Yesterday, San Francisco’s Planning Commission voted four-to-three to allow the construction of a 12-story condo and hotel complex along Market Street even though a coalition made up of former San Francisco City Supervisors, community leaders and LGBTQ organizations had requested a delay to the construction in a letter to the Commission this last Monday. The letter says that the construction threatens to destroy several LGBT historical sites including the location of the 1966 Compton Cafeteria riot, a transgender uprising against police aggression that predates the Stonewall Riots by three years.
The letter states:
“… we are requesting additional time of 60 to 90 days for the Compton’s Historic District Committee to conduct an appropriate process to be able to meet with historic preservationists, labor, developers, and allies in other communities with the aim of reaching a consensus on how to best preserve these important historic assets in the area around the historic Compton’s building.”
In addition to the Compton’s building, the letter lists other LGBTQ historical sites including El Rosa Hotel, “one of the only residential hotels to provide housing for trans sex workers”; the Dalt Hotel, “one of the first housing opportunities to advertise in gay newspapers”; and the Ambassador Hotel, “an important housing resource from the beginning of the AIDS epidemic.” The letter also says that “the entire intersection of Market, Mason, and Turk (aka. the Meat Market), was an important hustling and cruising site where gay men went to socialize in an era when our existence was illegal.”
The letter continues: “These bars, businesses and organizations were instrumental in fostering queer safe spaces, as they were often the only places available for queer people to meet one another, and to organize, within the larger, often threatening society at that time. In sum, these locales were safe havens for our community.”
Most interestingly, the letter also claims that many of the bygone LGBTQ bars were “connected by an intact underground tunnel system that patrons used to escape police raids and to avoid the loss of employment, family, and housing that were risked in those days by homosexual association,” although an initial look into this claim by the local CBS news affiliate uncovered no such tunnels.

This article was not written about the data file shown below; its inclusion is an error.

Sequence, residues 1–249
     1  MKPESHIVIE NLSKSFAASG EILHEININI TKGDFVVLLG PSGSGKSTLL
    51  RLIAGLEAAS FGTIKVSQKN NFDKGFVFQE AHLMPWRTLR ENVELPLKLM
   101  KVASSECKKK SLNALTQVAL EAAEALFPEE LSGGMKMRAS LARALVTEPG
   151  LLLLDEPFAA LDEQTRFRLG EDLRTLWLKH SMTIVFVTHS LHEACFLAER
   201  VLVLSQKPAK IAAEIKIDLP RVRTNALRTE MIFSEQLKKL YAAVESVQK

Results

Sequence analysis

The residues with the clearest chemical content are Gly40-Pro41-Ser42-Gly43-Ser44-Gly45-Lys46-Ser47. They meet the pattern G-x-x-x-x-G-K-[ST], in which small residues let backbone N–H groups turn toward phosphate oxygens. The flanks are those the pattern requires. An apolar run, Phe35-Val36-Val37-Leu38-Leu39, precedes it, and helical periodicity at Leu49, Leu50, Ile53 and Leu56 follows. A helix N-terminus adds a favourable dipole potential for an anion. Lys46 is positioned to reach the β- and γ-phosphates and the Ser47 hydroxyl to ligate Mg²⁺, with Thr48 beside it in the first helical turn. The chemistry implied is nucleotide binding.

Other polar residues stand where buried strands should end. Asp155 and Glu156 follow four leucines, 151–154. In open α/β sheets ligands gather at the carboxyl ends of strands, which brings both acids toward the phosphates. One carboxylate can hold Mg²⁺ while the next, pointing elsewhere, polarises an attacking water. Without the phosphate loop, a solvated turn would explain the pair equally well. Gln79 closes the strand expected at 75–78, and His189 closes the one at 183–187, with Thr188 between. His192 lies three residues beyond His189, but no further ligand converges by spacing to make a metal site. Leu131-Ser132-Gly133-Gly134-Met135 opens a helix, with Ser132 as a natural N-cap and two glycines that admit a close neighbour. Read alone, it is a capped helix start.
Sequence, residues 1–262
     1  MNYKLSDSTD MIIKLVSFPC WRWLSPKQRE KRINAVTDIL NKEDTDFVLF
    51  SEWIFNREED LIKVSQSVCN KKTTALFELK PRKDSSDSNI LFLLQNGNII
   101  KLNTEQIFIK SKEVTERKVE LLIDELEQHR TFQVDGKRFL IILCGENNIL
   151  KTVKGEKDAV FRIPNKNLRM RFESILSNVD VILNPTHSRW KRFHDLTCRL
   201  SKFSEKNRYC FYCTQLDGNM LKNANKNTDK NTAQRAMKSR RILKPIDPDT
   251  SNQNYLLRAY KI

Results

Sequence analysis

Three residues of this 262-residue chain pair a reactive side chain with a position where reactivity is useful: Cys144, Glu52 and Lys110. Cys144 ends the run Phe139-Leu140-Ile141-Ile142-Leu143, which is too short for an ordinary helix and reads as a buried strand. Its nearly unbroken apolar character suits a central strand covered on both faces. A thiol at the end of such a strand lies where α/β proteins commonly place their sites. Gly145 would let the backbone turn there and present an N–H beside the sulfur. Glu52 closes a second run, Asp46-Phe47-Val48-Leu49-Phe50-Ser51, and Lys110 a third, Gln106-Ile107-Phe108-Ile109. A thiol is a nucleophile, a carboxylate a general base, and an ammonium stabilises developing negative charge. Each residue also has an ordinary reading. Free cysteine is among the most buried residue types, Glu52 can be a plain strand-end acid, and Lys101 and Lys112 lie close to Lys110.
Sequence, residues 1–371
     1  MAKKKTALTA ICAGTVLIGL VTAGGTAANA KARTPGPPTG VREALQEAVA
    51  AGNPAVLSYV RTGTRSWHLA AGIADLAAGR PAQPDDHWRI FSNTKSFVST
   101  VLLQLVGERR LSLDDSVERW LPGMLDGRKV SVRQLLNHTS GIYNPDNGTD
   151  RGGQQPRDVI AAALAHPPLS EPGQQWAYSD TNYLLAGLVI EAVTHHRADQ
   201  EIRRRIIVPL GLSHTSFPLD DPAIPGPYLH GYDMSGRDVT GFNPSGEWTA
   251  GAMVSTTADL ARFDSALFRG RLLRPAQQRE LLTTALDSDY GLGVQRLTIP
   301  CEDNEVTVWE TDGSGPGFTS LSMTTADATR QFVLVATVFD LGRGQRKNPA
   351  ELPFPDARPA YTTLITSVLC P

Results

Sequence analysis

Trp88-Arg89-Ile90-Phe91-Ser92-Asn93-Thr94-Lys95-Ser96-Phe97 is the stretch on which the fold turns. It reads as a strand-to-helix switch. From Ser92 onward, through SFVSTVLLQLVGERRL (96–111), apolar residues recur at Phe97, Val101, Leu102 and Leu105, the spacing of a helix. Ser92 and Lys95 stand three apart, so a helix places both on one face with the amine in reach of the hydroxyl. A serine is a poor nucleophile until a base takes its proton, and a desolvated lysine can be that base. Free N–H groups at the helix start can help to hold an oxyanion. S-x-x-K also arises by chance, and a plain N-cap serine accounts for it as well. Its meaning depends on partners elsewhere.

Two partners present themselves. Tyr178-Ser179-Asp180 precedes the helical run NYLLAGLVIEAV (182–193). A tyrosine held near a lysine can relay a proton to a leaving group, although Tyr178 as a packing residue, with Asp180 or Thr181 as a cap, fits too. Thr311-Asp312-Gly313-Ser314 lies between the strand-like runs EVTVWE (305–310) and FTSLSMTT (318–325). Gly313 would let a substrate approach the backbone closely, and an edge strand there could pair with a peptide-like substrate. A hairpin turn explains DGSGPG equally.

Nonetheless, the letter sought a delay in order to conduct a theme study of the area to “digest and process the impact and magnitude of the potential losses” and gain insight “into how ‘place’ is critically important to the creation of LGBTQ relevant communities; our collective history, psychology, vision, values and community engagement.”
Despite the Planning Commission’s decision to allow construction, one of the letter’s signers—Nate Allbee, an advocate with the San Francisco LGBTQ Legacy Business Coalition—plans to appeal the decision which could still delay the construction. The Transgender, Gender Variant, and Intersex Justice Project; the Harvey Milk LGBT Democratic Club; the GLBT Historical Society; and AIDS Housing AllianceSF all co-signed onto the letter as well.
The fight over this particular area raises a larger question: how can we claim our shared queer history when developers may well be unaware of that history or just plain inconsiderate of it? Trans people, sex workers and other LGBTQ individuals have typically lacked the economic and political power to reshape cityscapes, and much of our history remains invisible to the mainstream world (does any public school outside of California even teach LGBTQ history?). Thus, it behooves LGBTQ people to support Allbee and his ilk in this and future turf battles, or an entire era of transgender and queer sex-worker history could literally be erased forever.